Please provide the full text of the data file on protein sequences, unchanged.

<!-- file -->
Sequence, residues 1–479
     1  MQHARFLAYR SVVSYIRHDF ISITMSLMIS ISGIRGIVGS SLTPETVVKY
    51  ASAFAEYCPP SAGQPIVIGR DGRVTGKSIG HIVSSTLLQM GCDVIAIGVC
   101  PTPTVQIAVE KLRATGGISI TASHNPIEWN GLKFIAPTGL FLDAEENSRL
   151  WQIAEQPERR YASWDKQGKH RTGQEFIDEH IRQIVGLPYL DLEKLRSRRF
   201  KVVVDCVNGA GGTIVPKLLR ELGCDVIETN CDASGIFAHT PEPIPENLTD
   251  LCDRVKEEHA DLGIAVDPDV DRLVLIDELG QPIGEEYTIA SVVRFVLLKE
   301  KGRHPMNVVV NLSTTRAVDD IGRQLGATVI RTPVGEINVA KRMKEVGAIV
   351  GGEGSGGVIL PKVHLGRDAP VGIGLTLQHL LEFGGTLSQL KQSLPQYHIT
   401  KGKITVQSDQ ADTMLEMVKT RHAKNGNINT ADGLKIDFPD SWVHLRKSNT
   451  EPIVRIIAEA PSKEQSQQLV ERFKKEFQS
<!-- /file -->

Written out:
Sequence, residues 1–479
     1  MQHARFLAYR SVVSYIRHDF ISITMSLMIS ISGIRGIVGS SLTPETVVKY
    51  ASAFAEYCPP SAGQPIVIGR DGRVTGKSIG HIVSSTLLQM GCDVIAIGVC
   101  PTPTVQIAVE KLRATGGISI TASHNPIEWN GLKFIAPTGL FLDAEENSRL
   151  WQIAEQPERR YASWDKQGKH RTGQEFIDEH IRQIVGLPYL DLEKLRSRRF
   201  KVVVDCVNGA GGTIVPKLLR ELGCDVIETN CDASGIFAHT PEPIPENLTD
   251  LCDRVKEEHA DLGIAVDPDV DRLVLIDELG QPIGEEYTIA SVVRFVLLKE
   301  KGRHPMNVVV NLSTTRAVDD IGRQLGATVI RTPVGEINVA KRMKEVGAIV
   351  GGEGSGGVIL PKVHLGRDAP VGIGLTLQHL LEFGGTLSQL KQSLPQYHIT
   401  KGKITVQSDQ ADTMLEMVKT RHAKNGNINT ADGLKIDFPD SWVHLRKSNT
   451  EPIVRIIAEA PSKEQSQQLV ERFKKEFQS